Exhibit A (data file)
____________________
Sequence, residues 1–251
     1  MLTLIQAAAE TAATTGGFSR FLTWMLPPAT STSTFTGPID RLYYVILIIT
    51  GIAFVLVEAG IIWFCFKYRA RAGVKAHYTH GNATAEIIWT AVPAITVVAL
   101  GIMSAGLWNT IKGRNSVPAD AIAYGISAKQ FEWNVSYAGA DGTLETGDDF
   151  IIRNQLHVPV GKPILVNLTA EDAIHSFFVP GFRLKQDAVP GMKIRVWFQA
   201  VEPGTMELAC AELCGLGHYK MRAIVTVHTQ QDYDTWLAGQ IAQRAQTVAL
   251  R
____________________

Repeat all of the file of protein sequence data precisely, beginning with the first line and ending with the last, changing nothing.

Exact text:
Sequence, residues 1–251
     1  MLTLIQAAAE TAATTGGFSR FLTWMLPPAT STSTFTGPID RLYYVILIIT
    51  GIAFVLVEAG IIWFCFKYRA RAGVKAHYTH GNATAEIIWT AVPAITVVAL
   101  GIMSAGLWNT IKGRNSVPAD AIAYGISAKQ FEWNVSYAGA DGTLETGDDF
   151  IIRNQLHVPV GKPILVNLTA EDAIHSFFVP GFRLKQDAVP GMKIRVWFQA
   201  VEPGTMELAC AELCGLGHYK MRAIVTVHTQ QDYDTWLAGQ IAQRAQTVAL
   251  R